[In 2013, the T-Team, next generation embarked on their pilgrimage to Central Australia. Purpose: to scatter Dad’s ashes in his beloved Central Australia, in Ormiston Gorge.
Over the next few weeks, I will take you on a virtual trip to the Centre and memories of that unforgettable holiday in 2013, with my brother and his family; the T-Team Next Generation.
This time, the T-K Team visit Emily Gap.]
Lunch With the Ants
Our plans changed. Anthony decided we could take a risk with our fuel situation, and so, since we were in the vicinity of the Eastern MacDonnell Ranges, we would visit Emily Gap and have lunch first before getting the gas for the Ford.
‘After all,’ I said to Anthony, ‘it is almost two o’clock, and I’m hungry.’
He just had to reply, ‘Hungry? Unlike you, I can wait till teatime.’
‘Hmm, yet another similarity you have to my father. Only he could fast from breakfast as well as lunch.’
As we rolled into the shady climes of the Emily Gap car park, I remarked, ‘But such a lovely place to sit and have picnic, don’t you think?’ I had already sourced some nuts and chocolate from my bag in case he disagreed with my suggestion.
‘We’ll go for a walk first to see the rock paintings and then have some lunch,’ Anthony grumbled. ‘I don’t want to walk on a full stomach.’
While Anthony marched ahead to find the rock paintings before they disappeared, I trailed behind and nibbled my nuts and chocolate. Needed reinforcements to do the walk.
Anthony vanished around a corner. A few minutes later, he appeared, jogging towards me. ‘They’re here! Come look!’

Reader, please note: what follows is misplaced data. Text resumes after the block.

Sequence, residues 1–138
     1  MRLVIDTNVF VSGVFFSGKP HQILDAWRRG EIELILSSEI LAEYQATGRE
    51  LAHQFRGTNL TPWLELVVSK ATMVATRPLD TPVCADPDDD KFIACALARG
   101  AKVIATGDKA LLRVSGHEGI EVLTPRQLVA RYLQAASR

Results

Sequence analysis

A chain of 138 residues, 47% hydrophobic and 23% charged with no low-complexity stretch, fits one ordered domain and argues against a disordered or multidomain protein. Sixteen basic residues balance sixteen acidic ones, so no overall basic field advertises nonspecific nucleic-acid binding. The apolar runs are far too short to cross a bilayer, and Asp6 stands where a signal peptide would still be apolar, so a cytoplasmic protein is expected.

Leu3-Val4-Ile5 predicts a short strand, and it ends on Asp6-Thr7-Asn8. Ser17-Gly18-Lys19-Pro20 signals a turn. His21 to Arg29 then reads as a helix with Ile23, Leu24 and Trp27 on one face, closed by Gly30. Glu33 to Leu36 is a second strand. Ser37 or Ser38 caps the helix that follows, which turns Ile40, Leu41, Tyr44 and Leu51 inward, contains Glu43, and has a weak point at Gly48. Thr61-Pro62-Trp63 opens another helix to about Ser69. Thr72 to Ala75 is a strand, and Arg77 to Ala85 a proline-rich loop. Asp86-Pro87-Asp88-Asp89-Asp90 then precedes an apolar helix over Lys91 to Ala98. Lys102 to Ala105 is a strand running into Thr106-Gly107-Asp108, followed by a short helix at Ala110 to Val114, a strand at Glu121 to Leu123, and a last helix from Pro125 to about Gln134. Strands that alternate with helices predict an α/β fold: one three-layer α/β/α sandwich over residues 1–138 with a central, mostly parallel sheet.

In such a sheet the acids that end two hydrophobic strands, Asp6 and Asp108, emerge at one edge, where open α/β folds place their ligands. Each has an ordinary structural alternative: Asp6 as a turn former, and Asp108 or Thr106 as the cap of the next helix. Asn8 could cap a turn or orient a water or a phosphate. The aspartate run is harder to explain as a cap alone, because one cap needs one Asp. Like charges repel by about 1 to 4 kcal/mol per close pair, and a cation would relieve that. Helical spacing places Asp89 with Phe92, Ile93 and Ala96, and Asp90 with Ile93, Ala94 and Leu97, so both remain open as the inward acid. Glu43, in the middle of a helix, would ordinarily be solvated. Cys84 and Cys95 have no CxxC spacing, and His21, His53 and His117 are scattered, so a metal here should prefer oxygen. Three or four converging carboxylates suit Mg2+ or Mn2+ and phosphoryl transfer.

‘Oh, yeah,’ I replied, remembering 1981 when TR baited us with some significant discovery of Indigenous art. That art turned out to be less ancient and more modern.
I followed Anthony. Around the bend, he pointed. ‘Look! There they are.’
Gazing at the entrance to a shallow cave, I said, ‘Oh, yeah! So, there are. They look like giant caterpillars.’
We spent some time examining the array of caterpillar paintings and carvings; the totem of the Eastern Arrernte people, we assumed.
‘I think my dad took us to Jesse Gap,’ I said as we walked back to the picnic area. ‘I have never seen those paintings before. When he took us out to the Eastern MacDonnell’s all we saw was artwork of the Western kind, graffiti. When we suggested visiting Emily Gap, it was already nearly dark, and Dad thought there would only be graffiti there too.’
In the shade of the gum trees in the picnic area, we “shared” our lunch of canned tuna and buttered bread with some inch ants. Had to put our food on a rock and then move the picnic rug, but the inch ants followed us.
After lunch, we found the BP petrol station that Richard had told us about. And finally, the Ford had its fill of LP Gas. Then on our way back to the Caravan park where we were staying for the night, we swung by the local IGA, where I bought mince, button mushrooms, two onions, shampoo and conditioner. Would you believe that the shampoo and conditioner I had brought from home, had not lasted the distance of our two-week Central Australian journey?
In the golden light of late afternoon, while I helped Anthony put up the tent, I watched another family, pitch theirs. The father sat in his director’s chair and directed the rest of the family, women, and children, how to put up their tent.
But, ah, what bliss to cook tea in the light of the common kitchen. Spag Bog, and plum pudding. Dessert, hot chocolate.
© Lee-Anne Marie Kling 2021
Feature Photo: Emily Gap Rock Paintings © L.M. Kling 2013